New research director for Kyl Center focused on equity in water access

When Kathryn Sorenson was director of water services for the city of Phoenix, she was in charge of a massive infrastructure that included 7,000 miles of pipeline.

When she needed information, she often used the resources of the Kyl Center for Water Policy at Arizona State University, which provides research and support for decision-makers.

“They have produced some amazing papers on water security, groundwater management and adjudication reform,” Sorenson said.

“I used the Arizona Water Blueprint all the time,” she said of the online visualization tool that uses maps and data sets to show a holistic view of water in the state.

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Now, Sorenson is part of the Kyl Center team, where she recently was named director of research. The Kyl Center is part of the Morrison Institute for Public Policy.

“I’m so excited to contribute to what the center has already done,” she said.

"It's exciting to be able to bring to ASU my experience leading large municipal water systems.

“Access to clean water is a fundamental need of every person on Earth, and yet we're still so far from fulfilling that need, even in Arizona. I want the research and teaching I do at ASU to help us overcome the barriers that prevent people from having secure access to safe water.”

Sorenson was director of water services for Phoenix for seven years, and before that was director of the Water Resources Department for the city of Mesa. In addition to directing research in the Kyl Center for Water Policy, she will be a professor of practice in the School of Public Affairs and will contribute to the Julie Ann Wrigley Global Futures Laboratory.

She answered some questions from ASU Now:

Question: What did you do as director of water services for the city of Phoenix?

Answer: I was responsible for making sure that about 1.7 million people had safe, clean water in their taps 24/7, 365 days a year, in the correct quality and the correct pressure, and for making sure that those deliveries were reliable.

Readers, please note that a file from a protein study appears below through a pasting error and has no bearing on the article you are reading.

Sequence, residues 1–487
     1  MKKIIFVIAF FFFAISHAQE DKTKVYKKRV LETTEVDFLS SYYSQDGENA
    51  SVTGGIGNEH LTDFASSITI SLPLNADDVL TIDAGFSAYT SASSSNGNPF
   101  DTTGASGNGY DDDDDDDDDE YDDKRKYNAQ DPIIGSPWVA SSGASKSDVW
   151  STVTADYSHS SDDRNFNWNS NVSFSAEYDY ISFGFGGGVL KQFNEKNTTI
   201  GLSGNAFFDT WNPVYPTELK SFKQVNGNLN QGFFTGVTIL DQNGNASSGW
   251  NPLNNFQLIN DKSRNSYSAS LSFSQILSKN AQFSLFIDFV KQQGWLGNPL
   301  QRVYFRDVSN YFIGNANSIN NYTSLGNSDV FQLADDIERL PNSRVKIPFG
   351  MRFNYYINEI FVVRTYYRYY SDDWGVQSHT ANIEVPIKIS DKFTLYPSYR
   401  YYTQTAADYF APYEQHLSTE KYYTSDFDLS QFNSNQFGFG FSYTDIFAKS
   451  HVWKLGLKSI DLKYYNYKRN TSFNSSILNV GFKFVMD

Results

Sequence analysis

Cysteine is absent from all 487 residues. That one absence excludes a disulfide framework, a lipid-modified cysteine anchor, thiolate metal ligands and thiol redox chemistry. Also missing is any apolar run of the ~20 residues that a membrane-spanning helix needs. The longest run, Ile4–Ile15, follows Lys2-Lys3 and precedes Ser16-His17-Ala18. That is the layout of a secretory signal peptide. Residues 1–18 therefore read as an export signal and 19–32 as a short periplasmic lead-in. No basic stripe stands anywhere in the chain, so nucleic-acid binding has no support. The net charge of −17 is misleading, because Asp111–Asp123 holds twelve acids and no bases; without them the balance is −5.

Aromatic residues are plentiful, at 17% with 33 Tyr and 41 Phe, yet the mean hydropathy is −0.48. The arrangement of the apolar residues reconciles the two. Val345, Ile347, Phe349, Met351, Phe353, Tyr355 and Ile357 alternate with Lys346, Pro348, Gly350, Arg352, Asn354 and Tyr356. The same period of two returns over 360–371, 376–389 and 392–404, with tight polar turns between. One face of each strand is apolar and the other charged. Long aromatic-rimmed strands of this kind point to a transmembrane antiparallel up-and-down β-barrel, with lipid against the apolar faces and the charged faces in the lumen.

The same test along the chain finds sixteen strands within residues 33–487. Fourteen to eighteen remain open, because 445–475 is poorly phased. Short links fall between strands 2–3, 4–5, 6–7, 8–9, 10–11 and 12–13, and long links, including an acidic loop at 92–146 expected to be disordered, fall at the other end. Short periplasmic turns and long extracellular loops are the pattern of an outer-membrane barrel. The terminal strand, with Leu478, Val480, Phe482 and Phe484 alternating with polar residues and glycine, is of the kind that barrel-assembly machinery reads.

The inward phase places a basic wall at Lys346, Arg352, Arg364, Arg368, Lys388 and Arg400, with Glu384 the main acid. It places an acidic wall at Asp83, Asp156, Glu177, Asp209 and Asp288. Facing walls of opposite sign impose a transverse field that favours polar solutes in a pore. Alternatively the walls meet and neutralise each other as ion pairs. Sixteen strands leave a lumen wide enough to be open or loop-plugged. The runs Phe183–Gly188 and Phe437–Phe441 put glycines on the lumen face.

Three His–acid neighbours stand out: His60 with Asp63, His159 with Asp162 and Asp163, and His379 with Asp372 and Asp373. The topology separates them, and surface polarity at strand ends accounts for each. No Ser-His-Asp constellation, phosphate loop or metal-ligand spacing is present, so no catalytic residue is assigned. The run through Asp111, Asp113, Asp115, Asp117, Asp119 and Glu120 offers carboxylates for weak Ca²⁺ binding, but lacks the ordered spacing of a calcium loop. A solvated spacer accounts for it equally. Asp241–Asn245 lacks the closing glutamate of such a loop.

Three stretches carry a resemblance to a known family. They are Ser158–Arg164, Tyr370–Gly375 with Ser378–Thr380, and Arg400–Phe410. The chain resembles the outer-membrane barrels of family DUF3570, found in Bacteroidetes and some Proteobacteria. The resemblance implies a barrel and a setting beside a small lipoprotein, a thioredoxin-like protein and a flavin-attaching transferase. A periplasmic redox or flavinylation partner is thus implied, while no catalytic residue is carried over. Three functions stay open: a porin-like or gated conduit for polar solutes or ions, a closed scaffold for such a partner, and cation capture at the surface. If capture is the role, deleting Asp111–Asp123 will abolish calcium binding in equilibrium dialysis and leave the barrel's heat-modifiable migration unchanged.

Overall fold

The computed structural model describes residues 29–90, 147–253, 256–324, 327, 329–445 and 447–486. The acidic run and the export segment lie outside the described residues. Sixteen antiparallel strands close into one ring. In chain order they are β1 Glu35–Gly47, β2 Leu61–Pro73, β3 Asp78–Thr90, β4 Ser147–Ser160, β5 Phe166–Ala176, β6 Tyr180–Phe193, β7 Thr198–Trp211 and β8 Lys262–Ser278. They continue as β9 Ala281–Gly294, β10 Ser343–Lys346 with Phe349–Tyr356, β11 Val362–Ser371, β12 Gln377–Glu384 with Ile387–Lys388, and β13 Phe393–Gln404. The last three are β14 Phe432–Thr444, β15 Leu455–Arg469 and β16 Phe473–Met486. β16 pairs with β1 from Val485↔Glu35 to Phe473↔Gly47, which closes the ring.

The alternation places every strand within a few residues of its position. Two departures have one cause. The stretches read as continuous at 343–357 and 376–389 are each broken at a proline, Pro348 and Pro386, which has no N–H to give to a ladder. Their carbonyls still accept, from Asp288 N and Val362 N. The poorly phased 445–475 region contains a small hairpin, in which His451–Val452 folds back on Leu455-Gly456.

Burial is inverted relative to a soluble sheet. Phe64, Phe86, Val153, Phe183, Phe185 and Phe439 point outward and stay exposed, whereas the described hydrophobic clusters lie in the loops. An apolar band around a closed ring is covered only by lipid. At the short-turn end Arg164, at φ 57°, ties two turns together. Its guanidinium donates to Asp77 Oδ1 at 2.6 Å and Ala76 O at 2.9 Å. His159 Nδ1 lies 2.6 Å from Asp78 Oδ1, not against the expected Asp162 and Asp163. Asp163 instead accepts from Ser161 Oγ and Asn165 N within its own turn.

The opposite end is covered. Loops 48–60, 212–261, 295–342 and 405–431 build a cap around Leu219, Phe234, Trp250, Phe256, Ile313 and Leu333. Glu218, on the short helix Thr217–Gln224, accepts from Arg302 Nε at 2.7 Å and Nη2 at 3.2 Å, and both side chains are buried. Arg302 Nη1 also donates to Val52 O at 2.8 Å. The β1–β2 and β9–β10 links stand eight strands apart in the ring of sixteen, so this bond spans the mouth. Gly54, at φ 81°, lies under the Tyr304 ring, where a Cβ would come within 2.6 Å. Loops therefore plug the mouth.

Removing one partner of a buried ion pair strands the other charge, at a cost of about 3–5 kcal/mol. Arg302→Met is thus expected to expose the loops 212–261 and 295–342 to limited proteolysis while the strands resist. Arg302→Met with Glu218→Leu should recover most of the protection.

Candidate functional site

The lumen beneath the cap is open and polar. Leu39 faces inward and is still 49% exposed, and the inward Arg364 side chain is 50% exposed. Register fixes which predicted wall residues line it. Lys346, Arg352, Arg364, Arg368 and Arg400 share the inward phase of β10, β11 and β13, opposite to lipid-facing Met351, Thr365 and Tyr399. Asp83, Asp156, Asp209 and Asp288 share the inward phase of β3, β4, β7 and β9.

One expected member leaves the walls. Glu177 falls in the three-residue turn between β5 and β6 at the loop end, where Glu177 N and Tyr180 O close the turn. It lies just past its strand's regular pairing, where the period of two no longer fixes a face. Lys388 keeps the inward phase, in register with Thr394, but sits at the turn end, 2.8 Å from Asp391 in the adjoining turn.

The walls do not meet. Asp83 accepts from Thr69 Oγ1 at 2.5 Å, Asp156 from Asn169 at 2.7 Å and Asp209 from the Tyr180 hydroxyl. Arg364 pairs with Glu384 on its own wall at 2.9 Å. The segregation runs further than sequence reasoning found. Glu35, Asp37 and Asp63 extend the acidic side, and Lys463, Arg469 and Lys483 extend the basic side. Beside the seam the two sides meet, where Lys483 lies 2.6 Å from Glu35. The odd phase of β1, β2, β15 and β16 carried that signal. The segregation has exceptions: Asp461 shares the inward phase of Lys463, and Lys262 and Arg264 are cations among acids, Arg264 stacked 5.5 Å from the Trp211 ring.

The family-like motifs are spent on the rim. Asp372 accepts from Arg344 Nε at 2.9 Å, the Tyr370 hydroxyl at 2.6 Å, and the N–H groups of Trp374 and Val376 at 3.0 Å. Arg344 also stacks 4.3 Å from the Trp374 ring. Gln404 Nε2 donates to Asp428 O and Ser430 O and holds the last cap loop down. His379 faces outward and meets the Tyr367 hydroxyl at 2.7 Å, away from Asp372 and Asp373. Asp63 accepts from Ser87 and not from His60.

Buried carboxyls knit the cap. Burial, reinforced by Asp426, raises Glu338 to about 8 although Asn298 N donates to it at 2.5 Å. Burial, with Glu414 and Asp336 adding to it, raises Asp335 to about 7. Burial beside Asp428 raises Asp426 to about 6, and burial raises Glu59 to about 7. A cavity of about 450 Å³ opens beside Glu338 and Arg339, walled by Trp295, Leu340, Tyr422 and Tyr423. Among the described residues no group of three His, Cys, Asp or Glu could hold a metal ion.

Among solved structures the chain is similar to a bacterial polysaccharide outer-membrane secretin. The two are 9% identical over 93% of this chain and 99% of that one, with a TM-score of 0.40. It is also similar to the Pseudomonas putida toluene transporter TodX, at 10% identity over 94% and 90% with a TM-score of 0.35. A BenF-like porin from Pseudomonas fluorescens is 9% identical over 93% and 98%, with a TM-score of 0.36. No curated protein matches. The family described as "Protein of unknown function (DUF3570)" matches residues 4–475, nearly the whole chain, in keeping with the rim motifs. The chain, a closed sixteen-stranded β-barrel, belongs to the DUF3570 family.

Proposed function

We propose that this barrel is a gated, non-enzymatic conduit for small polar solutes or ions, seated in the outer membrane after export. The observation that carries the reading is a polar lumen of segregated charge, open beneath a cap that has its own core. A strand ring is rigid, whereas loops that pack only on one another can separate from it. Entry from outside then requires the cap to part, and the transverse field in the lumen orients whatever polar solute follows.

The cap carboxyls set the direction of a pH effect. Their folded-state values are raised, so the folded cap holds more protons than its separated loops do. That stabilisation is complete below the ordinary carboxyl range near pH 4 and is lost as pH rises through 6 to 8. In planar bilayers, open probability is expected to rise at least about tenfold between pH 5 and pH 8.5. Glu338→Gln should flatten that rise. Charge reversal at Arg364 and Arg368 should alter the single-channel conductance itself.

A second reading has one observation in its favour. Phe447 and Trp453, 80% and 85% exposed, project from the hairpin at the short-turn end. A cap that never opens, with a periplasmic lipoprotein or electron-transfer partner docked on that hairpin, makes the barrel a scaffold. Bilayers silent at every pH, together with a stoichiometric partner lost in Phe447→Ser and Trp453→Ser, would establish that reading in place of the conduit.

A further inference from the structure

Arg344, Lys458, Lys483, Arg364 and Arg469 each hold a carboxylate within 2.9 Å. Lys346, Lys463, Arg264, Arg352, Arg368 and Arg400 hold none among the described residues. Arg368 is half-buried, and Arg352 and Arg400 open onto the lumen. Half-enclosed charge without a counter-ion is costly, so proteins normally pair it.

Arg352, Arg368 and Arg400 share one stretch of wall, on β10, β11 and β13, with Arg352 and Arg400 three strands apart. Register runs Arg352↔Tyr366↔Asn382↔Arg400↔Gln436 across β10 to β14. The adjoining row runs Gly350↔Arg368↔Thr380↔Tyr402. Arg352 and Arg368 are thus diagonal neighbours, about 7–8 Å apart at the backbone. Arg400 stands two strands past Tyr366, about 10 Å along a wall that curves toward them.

The job entailed five water-treatment plants, hundreds of pumping stations, wells and pressure gauges, and 7,000 miles of pipeline, as well as 430,000 customer connections, each of which has to work all of the time.

In addition, I oversaw 1,500 employees, $700 million in annual appropriations and a $2 billion capital improvement program.

Q: What are some of the water issues facing Arizona?

A:  Arizona depends heavily on the Colorado River, and it is over-allocated, meaning we collectively take more water from the system than nature puts in. To make matters worse, the Colorado River basin has been experiencing a prolonged drought of more than 20 years. 

When you take the longer term view, a lot of communities in Arizona are heavily dependent on fossil groundwater supplies. Once you pump them out, they’re gone forever. There are real problems looming when it comes to groundwater management and the Colorado River.

Q: What topics will you be researching?

A: When stakeholders, managers and elected officials understand where water flows, who it goes to and what the societal, economic and ecological costs are, then they have the foundation to make sensible water-management decisions. I see a lot of our research focusing on that basic premise. Water equity is a big piece of that, making sure there is a level playing field in terms of access to supplies.

Q: What changes have you seen in water policy and management over the years?

A: I’ve seen positive ones. When I started in this field, it was a very small group of folks that were making the most important, most fundamental decisions about water allocation in this state. That group over time has become larger, more inclusive and more diverse, and I think that’s hugely important. We only make good decisions when we have many different perspectives at the table.

Q: What’s important for Arizonans to know when they turn on the water tap?

A: I want people to understand that the delivery of safe, clean water in our communities really is the foundation of public health, economic opportunity and quality of life.

The COVID-19 pandemic has really brought that into focus. When the CDC came out with the recommendation early in 2020 about frequent handwashing, one of the first things we did (in the city of Phoenix) was to make sure that the taps were on for everyone in the community, even those who had been disconnected for nonpayment.

Because the water industry has been successful, we are many generations removed from a time when babies died of waterborne diseases. That’s not in our collective memory any more. So while I think it is taken for granted, clean water really is the foundation of public health.

Top image courtesy of Pixabay.

Mary Beth Faller